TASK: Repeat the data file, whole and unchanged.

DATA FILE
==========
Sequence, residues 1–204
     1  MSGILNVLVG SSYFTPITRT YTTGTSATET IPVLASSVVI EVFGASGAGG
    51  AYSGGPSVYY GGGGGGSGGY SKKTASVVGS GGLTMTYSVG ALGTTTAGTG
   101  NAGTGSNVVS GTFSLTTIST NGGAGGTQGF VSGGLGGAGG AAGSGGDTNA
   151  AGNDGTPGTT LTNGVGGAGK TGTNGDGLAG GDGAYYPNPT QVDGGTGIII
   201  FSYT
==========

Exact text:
Sequence, residues 1–204
     1  MSGILNVLVG SSYFTPITRT YTTGTSATET IPVLASSVVI EVFGASGAGG
    51  AYSGGPSVYY GGGGGGSGGY SKKTASVVGS GGLTMTYSVG ALGTTTAGTG
   101  NAGTGSNVVS GTFSLTTIST NGGAGGTQGF VSGGLGGAGG AAGSGGDTNA
   151  AGNDGTPGTT LTNGVGGAGK TGTNGDGLAG GDGAYYPNPT QVDGGTGIII
   201  FSYT